Brotherhood of Sleeping Car Porters (BSCP)

CL Dellums in his office

The Brotherhood of Sleeping Car Porters (BSCP) was an African American labor union organized in 1925 by A. Philip Randolph, who became its first president and C. L. Dellums, who became the Brotherhood’s first vice president. The largest number of Pullman Porters were in Chicago. C.L. Dellums oversaw the West Coast office of the Brotherhood.

In the early 1900s, The Pullman Palace Car Company operated the majority of the country’s passenger trains. The company became one of the largest employers of African Americans in the 1920s and ’30s. It projected a positive image by helping to fund black churches and businesses. But the reality of working for the Pullman Company was different than the public image the company tried to project.

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Bob Geddins

Bob Geddins in about 1959Bob Geddins recorded most of the musicians of 7th Street, including Saunders King, Lowell Fulson and Sugar Pie DeSanto. He helped countless musicians get their start and wrote blues songs that topped the charts in the ‘50s and ‘60s. However, because Geddins didn’t copyright his work, he “got cheated out of all kinds of money,” as he said in a 1977 interview.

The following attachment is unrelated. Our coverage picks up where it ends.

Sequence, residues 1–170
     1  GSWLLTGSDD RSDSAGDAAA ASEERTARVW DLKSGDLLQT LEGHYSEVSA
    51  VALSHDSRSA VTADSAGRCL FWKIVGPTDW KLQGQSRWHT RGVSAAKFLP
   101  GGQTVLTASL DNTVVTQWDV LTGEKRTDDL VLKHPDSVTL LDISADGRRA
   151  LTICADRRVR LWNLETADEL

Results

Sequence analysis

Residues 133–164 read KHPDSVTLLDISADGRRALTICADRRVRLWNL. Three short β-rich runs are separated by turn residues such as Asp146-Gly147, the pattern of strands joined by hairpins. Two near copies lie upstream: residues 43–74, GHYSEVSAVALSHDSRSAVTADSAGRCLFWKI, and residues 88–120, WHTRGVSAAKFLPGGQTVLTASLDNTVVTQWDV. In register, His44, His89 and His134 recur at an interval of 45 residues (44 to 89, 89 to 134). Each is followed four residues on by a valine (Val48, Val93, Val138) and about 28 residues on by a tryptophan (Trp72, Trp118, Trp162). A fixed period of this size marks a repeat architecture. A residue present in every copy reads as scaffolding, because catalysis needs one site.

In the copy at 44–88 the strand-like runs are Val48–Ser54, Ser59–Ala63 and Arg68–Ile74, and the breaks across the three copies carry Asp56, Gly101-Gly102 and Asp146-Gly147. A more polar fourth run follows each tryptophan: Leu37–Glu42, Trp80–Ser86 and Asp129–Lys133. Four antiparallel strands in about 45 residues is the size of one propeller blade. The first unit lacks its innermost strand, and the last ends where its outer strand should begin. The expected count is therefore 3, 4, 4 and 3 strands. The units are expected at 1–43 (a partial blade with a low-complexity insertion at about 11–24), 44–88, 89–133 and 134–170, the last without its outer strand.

Geddins came to California from Texas in 1933. He lived in Los Angeles until 1943, when he and his large family (he had 13 children) joined his mother in West Oakland. Like so many Southern transplants, he found work in the Kaiser shipyards. Continue reading “Bob Geddins”